The following is an *unofficial* list of TEDx Manitoba participants and their online coordinates. These are the people who — someplace on Twitter — have references that at least imply they’ll be there. The list was built from my TEDxMB Twitter List, so the “@” links and “#” hashtags below are Twitter links. The Bio’s are mostly from Twitter as well. I have only included the speakers for whom I have social media particulars rather than just websites, since (a) the official TEDx Manitoba site already has that info and more, and (b) my intent was more toward connecting/following through social media.
Chris Guillebeau’s first book, The Art of Non-Conformity, is not a business book, at least not per se. It’s more of a manifesto for living differently, in which Guillebeau makes a passionate appeal for people not to accept the role of living out a life of what’s expected, but to chart your own unconventional course instead.
As good as most of them are it’s a rare TED video that makes you want to stand and applaud with the crowd even though you’re only streaming a recording of a past event. But this TED Talk by Pranav Mistry has some truly jaw-dropping stuff, particularly for those who haven’t much considered the extent to which we could be interfacing our digital world our the natural one. Some of this looks like genuine science fiction. Haven’t heard of him? I hadn’t either. “Pranav Mistry is a PhD student in the Fluid Interfaces Group at MIT’s Media Lab. Before his studies at MIT, he worked with Microsoft as a UX researcher; he’s a graduate of IIT. Mistry is passionate about integrating the digital informational experience with our real-world interactions.” He is also the inventor of SixthSense.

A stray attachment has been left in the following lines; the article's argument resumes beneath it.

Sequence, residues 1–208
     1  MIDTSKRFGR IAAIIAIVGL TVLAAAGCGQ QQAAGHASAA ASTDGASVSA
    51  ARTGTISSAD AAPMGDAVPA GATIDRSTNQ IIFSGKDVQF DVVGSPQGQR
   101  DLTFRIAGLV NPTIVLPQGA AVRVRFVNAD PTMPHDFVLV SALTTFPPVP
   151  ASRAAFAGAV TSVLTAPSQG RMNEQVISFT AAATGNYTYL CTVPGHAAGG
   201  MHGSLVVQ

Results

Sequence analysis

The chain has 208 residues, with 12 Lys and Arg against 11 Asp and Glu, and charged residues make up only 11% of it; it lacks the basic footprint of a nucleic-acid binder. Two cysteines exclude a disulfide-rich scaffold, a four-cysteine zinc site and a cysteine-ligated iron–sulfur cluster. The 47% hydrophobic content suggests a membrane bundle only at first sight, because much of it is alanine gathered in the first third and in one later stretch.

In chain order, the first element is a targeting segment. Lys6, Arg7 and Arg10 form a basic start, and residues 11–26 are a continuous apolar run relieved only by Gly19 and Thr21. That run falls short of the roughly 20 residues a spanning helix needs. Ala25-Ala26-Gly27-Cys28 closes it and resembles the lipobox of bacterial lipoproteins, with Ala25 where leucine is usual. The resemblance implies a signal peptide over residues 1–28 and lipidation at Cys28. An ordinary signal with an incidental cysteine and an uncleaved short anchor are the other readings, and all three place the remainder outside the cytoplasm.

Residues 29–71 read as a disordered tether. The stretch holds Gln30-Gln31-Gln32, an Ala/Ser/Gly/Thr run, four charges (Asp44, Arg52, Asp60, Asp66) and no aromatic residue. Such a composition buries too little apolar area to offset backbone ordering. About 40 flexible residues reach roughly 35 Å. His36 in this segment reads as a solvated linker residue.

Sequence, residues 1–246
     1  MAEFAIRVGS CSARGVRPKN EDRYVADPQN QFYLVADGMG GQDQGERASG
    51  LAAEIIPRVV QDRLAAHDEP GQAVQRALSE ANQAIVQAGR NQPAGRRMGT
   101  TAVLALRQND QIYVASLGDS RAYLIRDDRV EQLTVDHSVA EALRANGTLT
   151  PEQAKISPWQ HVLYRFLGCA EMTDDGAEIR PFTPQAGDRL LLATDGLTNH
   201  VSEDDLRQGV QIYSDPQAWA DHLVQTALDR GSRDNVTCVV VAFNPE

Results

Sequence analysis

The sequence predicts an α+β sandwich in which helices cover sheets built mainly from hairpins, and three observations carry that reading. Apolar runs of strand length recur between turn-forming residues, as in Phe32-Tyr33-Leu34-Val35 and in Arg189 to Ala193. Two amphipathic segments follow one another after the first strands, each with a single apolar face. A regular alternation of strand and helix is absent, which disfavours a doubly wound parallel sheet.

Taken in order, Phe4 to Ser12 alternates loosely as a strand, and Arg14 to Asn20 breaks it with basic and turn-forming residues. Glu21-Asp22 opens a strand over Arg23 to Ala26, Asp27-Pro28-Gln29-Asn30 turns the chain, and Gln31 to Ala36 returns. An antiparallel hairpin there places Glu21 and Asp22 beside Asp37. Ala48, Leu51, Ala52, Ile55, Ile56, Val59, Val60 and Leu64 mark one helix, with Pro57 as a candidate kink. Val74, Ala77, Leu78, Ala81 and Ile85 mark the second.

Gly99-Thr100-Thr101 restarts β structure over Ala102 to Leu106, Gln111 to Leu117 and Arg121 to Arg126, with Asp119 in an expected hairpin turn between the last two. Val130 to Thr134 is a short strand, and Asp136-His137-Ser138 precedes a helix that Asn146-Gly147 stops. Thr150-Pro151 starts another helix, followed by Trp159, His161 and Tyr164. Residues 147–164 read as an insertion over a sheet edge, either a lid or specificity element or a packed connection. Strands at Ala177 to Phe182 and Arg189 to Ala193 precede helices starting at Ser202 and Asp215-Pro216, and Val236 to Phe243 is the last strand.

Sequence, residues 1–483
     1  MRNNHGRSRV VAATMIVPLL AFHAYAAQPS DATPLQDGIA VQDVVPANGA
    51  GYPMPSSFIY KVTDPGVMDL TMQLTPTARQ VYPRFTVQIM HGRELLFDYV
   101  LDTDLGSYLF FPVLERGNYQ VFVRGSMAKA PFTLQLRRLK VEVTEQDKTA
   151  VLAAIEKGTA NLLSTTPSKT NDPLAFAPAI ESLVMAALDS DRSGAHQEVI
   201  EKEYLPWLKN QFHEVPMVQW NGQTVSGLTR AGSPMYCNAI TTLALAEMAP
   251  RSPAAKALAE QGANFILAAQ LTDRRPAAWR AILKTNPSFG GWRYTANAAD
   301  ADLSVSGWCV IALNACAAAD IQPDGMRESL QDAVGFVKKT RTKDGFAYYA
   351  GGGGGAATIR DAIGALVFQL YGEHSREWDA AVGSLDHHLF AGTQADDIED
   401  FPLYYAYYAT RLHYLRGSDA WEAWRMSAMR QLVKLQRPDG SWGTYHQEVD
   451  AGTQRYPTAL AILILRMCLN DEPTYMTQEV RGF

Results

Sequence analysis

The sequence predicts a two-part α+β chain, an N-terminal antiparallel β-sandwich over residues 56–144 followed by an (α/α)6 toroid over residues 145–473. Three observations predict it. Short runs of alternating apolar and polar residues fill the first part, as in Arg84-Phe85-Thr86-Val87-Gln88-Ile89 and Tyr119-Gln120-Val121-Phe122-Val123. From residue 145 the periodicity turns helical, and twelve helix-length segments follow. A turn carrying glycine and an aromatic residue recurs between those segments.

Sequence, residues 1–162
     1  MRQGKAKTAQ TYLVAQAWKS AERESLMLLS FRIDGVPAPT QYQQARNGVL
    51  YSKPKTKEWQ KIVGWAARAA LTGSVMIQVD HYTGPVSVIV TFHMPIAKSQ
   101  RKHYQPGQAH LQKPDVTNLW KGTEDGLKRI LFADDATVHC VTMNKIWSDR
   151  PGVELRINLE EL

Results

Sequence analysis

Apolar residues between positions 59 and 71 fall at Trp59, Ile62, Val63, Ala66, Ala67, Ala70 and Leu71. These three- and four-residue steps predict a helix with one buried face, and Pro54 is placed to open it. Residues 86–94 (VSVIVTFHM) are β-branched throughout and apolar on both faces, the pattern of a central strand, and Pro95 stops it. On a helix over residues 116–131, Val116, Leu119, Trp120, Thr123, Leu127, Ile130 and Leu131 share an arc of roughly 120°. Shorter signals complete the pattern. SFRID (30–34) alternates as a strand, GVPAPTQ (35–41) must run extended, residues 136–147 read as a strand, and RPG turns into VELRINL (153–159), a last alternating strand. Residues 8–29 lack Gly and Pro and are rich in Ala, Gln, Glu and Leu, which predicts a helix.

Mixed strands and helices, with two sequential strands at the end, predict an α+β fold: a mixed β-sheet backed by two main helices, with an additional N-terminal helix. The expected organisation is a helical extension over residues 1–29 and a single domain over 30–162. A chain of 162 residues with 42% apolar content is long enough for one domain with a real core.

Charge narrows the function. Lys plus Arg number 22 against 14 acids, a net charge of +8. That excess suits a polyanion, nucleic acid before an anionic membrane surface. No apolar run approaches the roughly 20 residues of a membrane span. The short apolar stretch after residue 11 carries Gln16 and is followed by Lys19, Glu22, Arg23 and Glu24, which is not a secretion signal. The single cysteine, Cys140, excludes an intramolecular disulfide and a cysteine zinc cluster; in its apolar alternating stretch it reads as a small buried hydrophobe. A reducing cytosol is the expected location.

Via TED’s Best of the Web Talks, I discovered J.K. Rowling‘s Harvard Commencement Address in June 2008 on The Fringe Benefits of Failure, and the Importance of Imagination. The subject brings up an important concept — the fact that although we list only successes on our CVs, it is typically the failures that teach us more. Comparatively, success perhaps teaches us very little. When was the last time you judged someone as qualified because of the lessons learned in their last failure? Granted, this might not be the single best criteria, but someone who’s never failed may well be an underachiever stuck within the constraints of mediocre thinking.
A recent Jessica Hagy Diagram caught my interest (do the ol’ click-to-enlarge thing), reminding me of things I’ve said before about thinking differently and challenging assumptions. It’s an important process and one I fancy as a kind of specialty of mine. In approaching any challenge, I’m continually trying to see it from a different angle in order to get the necessary perspective to see the solution, whether it’s conventional or not. Along these lines, the other day Seth Godin wrote about the scientific method,
If you enter a conversation looking for something to test, measure and ultimately change, it's likely you'll find it. That change makes you more competitive, and you continue to cycle past your competitors. On the other hand, if you enter a conversation concerned about maintaining the status quo, it's likely that this is exactly what you're going to do.